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Maria Young Senior, Plant Health Officer for the Rural Agricultural Development Authority (RADA), has said that the Ministry of Agriculture is fully committed to putting in place the necessary management structures to rid the island of the Pink Hibiscus Mealy Bug.
Mrs. Young, who was addressing a seminar hosted by the Port Antonio office of RADA recently at the Portland Parish Library, noted that the control strategy being employed is designed to keep the bug population low and prevent the parasitic pest from posing a major threat to agricultural production anywhere in the country.
She assured that the extent of the damage the bug has been causing will significantly decrease as the measures being used to halt its spread take effect, which include the release of parasitoid wasps in the infested areas, and a public education campaign to increase awareness about the danger of the bug and measures to control its spread.
The Pink Hibiscus Mealy Bug, which was first detected in the Manchioneal agricultural extension area of Portland in June, has the capacity to wreak havoc on the agricultural sector by destroying crops.
Among the plants at risk are hibiscus, allamanda, acalypha, papaya, sweet sop, ixora, citrus and poinsettia. The areas of Portland infested with the bug are Commodore, Islington, Castle, Castle, Windsor Forest, Fair Prospect and Port Antonio.
Mrs. Young noted that while there are many species of the Mealy Mug present in Jamaica, this is the first time that the Pink Hibiscus species is being detected in the country. The Hibiscus species of the bug, she said, is more destructive, because of the poisonous saliva which it deposits into plants on which it feeds.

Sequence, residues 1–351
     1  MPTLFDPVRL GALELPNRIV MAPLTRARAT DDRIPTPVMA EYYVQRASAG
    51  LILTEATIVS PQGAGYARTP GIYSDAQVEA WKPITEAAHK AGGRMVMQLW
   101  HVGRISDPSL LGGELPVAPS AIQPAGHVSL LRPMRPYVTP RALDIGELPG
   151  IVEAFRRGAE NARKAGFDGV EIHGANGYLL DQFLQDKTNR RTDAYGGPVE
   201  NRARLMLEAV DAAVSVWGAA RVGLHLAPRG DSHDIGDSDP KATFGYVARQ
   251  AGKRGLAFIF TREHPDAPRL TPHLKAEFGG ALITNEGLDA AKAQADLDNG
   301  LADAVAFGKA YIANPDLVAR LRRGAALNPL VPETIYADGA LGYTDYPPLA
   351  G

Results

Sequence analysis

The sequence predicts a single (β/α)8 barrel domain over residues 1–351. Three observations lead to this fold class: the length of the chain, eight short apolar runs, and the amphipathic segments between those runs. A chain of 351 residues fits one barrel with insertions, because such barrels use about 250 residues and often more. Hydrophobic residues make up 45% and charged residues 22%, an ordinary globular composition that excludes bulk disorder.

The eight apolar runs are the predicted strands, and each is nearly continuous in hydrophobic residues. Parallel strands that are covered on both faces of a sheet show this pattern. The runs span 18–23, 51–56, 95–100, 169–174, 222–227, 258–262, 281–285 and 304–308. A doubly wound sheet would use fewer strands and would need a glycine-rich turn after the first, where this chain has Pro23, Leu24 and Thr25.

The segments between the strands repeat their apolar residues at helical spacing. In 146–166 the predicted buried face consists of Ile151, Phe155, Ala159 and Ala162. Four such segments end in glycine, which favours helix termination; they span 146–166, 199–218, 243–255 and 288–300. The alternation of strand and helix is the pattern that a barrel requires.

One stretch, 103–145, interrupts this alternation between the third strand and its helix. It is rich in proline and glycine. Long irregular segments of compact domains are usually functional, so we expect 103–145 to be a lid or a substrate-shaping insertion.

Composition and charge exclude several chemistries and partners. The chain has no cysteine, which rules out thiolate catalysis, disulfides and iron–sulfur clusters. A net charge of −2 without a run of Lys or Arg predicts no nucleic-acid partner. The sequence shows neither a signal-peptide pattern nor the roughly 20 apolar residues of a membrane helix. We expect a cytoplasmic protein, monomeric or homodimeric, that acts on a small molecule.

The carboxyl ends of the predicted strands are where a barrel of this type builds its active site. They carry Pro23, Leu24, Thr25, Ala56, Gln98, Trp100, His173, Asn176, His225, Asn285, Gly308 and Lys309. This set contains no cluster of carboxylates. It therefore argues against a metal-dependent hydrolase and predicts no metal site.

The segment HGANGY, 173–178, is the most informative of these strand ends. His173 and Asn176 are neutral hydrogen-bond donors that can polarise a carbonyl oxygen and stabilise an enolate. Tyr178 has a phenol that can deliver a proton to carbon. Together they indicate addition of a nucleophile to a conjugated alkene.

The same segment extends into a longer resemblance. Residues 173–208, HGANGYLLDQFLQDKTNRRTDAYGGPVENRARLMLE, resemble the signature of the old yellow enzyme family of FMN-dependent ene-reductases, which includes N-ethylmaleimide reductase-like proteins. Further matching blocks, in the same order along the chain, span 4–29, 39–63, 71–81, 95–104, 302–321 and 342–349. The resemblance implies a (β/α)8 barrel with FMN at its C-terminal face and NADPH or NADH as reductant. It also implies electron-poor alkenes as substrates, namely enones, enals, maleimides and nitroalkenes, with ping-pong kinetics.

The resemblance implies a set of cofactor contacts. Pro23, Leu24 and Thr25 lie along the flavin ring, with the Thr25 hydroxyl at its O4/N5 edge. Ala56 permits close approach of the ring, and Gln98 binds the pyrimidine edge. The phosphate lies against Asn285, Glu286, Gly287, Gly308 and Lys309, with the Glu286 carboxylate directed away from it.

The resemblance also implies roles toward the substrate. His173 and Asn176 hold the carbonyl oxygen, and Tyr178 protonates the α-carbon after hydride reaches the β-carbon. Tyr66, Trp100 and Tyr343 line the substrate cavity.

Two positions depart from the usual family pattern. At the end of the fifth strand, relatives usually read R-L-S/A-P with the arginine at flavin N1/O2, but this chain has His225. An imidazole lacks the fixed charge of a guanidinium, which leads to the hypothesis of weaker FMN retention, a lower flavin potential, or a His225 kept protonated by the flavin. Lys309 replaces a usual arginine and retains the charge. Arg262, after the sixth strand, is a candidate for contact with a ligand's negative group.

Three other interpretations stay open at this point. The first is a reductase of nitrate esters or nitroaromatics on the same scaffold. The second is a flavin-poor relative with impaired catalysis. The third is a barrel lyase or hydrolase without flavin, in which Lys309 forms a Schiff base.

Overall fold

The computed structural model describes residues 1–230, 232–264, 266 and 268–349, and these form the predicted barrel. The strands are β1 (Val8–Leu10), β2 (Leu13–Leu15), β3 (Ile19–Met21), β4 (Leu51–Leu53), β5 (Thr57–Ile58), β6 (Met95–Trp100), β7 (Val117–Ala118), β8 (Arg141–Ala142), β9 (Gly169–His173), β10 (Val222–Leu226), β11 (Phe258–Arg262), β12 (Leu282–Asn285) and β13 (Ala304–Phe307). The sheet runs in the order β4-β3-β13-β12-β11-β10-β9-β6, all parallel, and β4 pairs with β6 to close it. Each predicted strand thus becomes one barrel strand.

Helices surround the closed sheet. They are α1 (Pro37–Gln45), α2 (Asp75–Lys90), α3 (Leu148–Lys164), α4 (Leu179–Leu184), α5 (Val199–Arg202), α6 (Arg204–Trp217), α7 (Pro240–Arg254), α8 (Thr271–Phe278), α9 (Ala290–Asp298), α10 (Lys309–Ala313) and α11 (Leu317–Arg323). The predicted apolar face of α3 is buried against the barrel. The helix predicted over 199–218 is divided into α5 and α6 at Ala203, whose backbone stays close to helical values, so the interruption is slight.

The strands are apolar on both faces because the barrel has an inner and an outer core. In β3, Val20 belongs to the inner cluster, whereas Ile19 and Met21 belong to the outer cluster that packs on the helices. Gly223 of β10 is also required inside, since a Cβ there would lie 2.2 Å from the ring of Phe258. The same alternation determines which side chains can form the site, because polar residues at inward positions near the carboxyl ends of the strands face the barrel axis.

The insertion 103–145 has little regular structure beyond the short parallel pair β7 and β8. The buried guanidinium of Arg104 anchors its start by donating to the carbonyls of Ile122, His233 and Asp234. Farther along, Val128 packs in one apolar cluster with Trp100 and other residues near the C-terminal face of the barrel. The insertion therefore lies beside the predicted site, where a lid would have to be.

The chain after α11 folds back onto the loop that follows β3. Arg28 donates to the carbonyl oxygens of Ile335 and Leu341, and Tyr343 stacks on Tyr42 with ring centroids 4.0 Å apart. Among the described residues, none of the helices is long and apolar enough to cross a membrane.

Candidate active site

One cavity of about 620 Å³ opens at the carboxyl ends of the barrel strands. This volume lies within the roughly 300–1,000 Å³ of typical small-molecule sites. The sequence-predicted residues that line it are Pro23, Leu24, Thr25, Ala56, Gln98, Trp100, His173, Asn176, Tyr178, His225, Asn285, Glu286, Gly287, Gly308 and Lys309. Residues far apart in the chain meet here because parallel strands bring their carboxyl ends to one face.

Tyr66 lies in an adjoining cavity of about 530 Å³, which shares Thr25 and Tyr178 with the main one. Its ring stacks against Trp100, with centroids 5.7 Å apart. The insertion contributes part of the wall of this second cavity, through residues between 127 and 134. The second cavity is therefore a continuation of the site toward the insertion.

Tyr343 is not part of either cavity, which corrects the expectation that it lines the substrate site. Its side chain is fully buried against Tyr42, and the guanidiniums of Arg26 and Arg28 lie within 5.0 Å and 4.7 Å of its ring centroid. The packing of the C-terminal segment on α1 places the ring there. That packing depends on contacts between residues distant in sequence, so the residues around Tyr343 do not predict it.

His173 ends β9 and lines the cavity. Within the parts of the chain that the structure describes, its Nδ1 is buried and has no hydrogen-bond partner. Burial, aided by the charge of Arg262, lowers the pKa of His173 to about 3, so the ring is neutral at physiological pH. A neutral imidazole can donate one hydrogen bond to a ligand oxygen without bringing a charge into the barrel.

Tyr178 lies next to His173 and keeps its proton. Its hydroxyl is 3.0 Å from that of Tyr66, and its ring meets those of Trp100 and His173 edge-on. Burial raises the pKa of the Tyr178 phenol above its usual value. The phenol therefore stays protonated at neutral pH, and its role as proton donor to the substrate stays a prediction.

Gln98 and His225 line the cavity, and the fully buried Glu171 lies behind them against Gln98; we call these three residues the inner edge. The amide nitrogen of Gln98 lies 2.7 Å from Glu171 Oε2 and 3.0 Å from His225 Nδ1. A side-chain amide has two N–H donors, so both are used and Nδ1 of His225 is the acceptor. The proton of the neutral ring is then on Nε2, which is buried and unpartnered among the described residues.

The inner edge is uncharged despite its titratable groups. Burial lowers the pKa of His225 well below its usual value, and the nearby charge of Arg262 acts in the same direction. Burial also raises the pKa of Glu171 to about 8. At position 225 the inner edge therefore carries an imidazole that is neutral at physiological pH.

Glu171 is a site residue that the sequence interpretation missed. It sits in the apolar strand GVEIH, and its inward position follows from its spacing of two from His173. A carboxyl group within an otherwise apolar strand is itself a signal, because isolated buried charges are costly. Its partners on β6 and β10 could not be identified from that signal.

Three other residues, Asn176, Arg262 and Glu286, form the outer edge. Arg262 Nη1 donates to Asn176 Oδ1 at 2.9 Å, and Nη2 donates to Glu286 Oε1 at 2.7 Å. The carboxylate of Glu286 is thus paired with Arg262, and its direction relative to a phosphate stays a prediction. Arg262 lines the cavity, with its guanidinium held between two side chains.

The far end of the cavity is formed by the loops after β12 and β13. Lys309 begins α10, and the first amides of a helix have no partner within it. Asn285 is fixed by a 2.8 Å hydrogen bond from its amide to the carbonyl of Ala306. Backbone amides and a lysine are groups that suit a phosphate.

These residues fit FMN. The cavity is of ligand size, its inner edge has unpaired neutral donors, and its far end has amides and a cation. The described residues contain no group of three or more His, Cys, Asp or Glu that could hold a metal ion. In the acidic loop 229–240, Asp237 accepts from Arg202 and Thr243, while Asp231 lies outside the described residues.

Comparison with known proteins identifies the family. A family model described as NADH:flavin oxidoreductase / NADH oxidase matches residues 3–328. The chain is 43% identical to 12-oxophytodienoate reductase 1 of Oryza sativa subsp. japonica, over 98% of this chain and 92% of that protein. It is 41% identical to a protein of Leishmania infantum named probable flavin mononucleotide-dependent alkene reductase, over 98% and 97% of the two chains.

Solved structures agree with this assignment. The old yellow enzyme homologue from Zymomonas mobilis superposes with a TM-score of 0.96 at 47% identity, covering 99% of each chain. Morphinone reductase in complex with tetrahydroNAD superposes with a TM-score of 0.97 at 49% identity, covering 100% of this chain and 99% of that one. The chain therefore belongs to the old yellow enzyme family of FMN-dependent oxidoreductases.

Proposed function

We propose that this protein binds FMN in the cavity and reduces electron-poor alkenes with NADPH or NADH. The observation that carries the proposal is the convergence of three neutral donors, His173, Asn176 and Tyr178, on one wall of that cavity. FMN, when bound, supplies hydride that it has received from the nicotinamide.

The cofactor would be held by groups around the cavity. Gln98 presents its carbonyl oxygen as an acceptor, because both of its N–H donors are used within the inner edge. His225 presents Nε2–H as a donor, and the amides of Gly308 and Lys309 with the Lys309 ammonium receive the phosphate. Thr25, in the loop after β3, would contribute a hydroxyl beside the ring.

In imploring the residents of the infested communities to co-operate with the Ministry of Agriculture to control the spread of the pest, the RADA officer also urged them not to collect plant material at this time, as that practice may help to defeat the measures being implemented to fight the spread of the bug.
Michelle Sherwood, Senior Plant Protection Officer at the Bodles Agricultural Research Station in St. Catherine, who gave a detailed description of the destructive characteristics of the Pink Hibiscus Mealy Bug, pointed out that there are approximately 200 species of plants worldwide that are affected by the pest.
She said that the bug is very light and can be easily blown in the air, making it very important for residents of the infested communities to ensure that they do not transport the bug on their clothing.
The seminar was attended by a wide cross section of persons including teachers, students, community leaders and the representatives of several organizations in the parish.